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Eli Lilly and Company Message Board

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  • deywar deywar Jun 9, 2001 1:30 AM Flag

    Drug Prices

    Perhaps the biggest lie of all is that the government can somehow "provide for those unable to care for themselves."
    I was in VISTA (now Americorps) 30 years back and I saw first hand that charities, churches and service clubs outdo government in the provision department hands down.
    If you are not an "unrepentant libertarian" then what are you?

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    • <<If you are not an "unrepentant libertarian" then what are you?>>

      Good question, and I will NOT say the current phrase of the day, "moderate".

      Imagine the political spectrum as a compass instead of as a line from right to left. At N, put "Statist" (or Communist or Socialist or Nazi) and at S, "Libertarian", as opposites; at E, put "Conservative" and W, "Liberal", similarly opposite. I'm probably somewhere between "SW" and "SE" depending on which aspect of government interference in our lives you want to talk about. When it comes to the classical "progressive Republican" programs espoused by TR (FDA, conservation & stewardship of public lands, anti-trust regulation), I'm generally in favor. I believe the Fed plays an important part in making our economy the most stable in the world; a strict Libertarian would oppose many of those things, as do many Conservatives.

      I do not dispute your argument that government is often less efficient than churches, private charity, and service clubs at meeting local needs locally.

      However, there are global problems, too, that probably should be dealt with (perhaps only to the extent of funding local solutions) on a consistent national basis (and NOT with unfunded mandates). For example, inner-city education is generally a non-productive swamp in every medium-to-large city in the US because of exactly the same (national) societal issues. This is probably where I both agree with and depart from Libertarians: true competition for students' "portable education dollars" will help, some. But Federal money will help some, too; there is a point at which 25 or 50 or 100 "local" copies of the exact same problem cry out for a national solution. Maybe the "vouchers" come from the Feds in place of traditional school funding mechanisms; that's not a Libertarian solution.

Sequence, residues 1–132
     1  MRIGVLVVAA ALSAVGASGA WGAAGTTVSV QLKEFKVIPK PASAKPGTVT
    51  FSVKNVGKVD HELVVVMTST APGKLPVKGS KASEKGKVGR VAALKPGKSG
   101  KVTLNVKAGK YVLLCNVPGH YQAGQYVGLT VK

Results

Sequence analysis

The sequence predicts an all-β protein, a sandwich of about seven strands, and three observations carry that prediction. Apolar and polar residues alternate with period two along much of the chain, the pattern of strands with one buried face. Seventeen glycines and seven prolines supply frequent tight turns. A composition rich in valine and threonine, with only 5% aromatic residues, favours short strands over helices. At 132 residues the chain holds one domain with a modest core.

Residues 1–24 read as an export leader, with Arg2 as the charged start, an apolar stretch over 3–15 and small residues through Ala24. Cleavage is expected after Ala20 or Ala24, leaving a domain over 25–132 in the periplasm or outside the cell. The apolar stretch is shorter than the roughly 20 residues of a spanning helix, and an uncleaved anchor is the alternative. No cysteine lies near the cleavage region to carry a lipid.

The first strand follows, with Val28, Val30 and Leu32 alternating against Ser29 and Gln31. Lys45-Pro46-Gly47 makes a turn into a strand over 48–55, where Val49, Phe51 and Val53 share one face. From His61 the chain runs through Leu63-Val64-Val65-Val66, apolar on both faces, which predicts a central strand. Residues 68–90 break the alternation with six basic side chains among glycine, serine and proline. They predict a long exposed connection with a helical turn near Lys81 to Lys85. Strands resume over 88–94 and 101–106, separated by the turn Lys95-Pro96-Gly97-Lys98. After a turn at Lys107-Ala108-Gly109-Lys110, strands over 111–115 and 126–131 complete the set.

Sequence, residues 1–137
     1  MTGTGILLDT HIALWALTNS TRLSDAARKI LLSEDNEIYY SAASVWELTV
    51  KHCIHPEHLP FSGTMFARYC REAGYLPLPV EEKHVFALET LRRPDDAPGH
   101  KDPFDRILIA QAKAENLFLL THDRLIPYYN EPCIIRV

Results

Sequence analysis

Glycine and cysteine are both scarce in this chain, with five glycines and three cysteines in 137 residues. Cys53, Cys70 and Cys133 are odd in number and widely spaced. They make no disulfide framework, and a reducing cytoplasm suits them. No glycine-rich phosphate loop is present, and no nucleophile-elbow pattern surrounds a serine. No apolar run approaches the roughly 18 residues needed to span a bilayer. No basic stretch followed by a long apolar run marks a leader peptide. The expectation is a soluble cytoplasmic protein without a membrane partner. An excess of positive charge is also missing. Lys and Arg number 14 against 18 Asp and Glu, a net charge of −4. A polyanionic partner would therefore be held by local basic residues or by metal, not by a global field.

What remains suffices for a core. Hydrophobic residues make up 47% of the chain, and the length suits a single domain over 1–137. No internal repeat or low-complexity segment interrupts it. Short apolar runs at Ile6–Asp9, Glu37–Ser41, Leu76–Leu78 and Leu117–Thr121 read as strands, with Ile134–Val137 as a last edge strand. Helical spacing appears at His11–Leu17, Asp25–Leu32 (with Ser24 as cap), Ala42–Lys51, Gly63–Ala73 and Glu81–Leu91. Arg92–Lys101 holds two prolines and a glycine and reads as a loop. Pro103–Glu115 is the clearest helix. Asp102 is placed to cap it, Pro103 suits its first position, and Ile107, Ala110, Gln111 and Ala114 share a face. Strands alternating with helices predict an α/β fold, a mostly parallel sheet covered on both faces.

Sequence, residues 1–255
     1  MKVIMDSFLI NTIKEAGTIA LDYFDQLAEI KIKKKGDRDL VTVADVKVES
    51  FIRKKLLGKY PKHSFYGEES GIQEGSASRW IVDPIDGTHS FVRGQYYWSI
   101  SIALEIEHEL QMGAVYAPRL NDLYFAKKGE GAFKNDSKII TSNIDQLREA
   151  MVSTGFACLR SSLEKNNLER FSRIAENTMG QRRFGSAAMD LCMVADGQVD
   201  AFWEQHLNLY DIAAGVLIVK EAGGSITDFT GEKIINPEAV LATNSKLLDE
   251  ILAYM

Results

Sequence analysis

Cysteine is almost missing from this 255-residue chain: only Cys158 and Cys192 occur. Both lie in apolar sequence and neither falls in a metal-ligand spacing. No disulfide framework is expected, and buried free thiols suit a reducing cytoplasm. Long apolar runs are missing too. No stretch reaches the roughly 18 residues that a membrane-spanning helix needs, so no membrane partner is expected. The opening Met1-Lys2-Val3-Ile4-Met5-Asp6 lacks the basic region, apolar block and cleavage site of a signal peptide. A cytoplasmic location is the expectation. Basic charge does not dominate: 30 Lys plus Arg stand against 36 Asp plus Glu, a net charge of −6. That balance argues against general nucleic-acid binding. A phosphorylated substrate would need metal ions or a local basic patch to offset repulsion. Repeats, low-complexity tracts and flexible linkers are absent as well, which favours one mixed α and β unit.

Finally, I see the pure reasoning of the Libertarian argument on drugs, and it is intellectually appealing. But psychoactive drugs are such a scourge on our society (and so profitable a trade) that criminalization of dealing and possession of large amounts is probably the only way to deal with the problem. Alcohol is at the root of many societal problems, too...people get hooked, lose good jobs and houses, steal to drink, drunks beat up and verbally abuse spouses and kids, drunks kill other drivers...and alcohol's still legal and heavily regulated. The difference is that the fortunes made from its sale are "clean" and protected. Would I return to prohibition? No.

      It's not terribly effective (prohibition of alcohol OR drugs), but then neither is our 40-year "War On Poverty", either, and we're still gung-ho on that one, too.

      No easy answers, I'm afraid.

      "Compassionate Conservatism", anyone?

      • 1 Reply to thundermutt
      • as usual, good thoughts mutt.

        I actual have consider forming the 'common sense' party. While realizing many issues may difficult to come to some 'common sense' solutions, I think it is VERY clear neither of the majority party approaches problems in search of a solution. Why? Because once we start to solve a problem, why would we need the 'pundints'? Case in point is welfare. Heard much about it lately? Nope b/c we've actually have a solution delivering results.

        The other issue is that the vast majority of Americans realize the value of comprimise and working together daily. I negotiate contracts all day long--I never get everything I want but in politics I'm a moderate bc I believe in finding solutions that meet my principles vs. principles that will never see the light of day. True conservatives would say we are spinnless moderates. Who pushing what agenda? Who has more chance to succeed--ideas which will never see the light of day (pro-life) or reasonable compromise that accomplishes some of the principles ? The pundints won't have a job if the country ever finds common sense solutions to many issues.

        Take drug coverage. Simple common sense solution is to means test it. Dems won't do it bc 1) republican idea 2) they want votes, not drug coverage.

        Anyway, I will say this about Liberterians--I have found them to be the most principled probably bc their principles are pretty simple to apply.

 
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